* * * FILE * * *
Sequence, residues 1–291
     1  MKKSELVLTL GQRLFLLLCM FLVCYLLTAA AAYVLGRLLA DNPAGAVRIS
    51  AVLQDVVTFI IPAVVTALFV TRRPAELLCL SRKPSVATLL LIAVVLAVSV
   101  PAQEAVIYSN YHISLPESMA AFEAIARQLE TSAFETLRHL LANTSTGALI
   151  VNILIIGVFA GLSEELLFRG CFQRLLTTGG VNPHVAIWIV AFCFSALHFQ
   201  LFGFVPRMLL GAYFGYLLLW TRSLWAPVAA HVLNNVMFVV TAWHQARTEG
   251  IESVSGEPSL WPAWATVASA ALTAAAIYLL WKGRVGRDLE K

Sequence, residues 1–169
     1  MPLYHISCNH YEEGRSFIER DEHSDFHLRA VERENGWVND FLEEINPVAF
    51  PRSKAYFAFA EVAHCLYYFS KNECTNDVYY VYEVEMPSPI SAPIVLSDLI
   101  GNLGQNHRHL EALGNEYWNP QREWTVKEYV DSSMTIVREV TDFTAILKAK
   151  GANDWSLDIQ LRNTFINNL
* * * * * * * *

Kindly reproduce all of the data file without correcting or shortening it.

Sequence, residues 1–291
     1  MKKSELVLTL GQRLFLLLCM FLVCYLLTAA AAYVLGRLLA DNPAGAVRIS
    51  AVLQDVVTFI IPAVVTALFV TRRPAELLCL SRKPSVATLL LIAVVLAVSV
   101  PAQEAVIYSN YHISLPESMA AFEAIARQLE TSAFETLRHL LANTSTGALI
   151  VNILIIGVFA GLSEELLFRG CFQRLLTTGG VNPHVAIWIV AFCFSALHFQ
   201  LFGFVPRMLL GAYFGYLLLW TRSLWAPVAA HVLNNVMFVV TAWHQARTEG
   251  IESVSGEPSL WPAWATVASA ALTAAAIYLL WKGRVGRDLE K

Sequence, residues 1–169
     1  MPLYHISCNH YEEGRSFIER DEHSDFHLRA VERENGWVND FLEEINPVAF
    51  PRSKAYFAFA EVAHCLYYFS KNECTNDVYY VYEVEMPSPI SAPIVLSDLI
   101  GNLGQNHRHL EALGNEYWNP QREWTVKEYV DSSMTIVREV TDFTAILKAK
   151  GANDWSLDIQ LRNTFINNL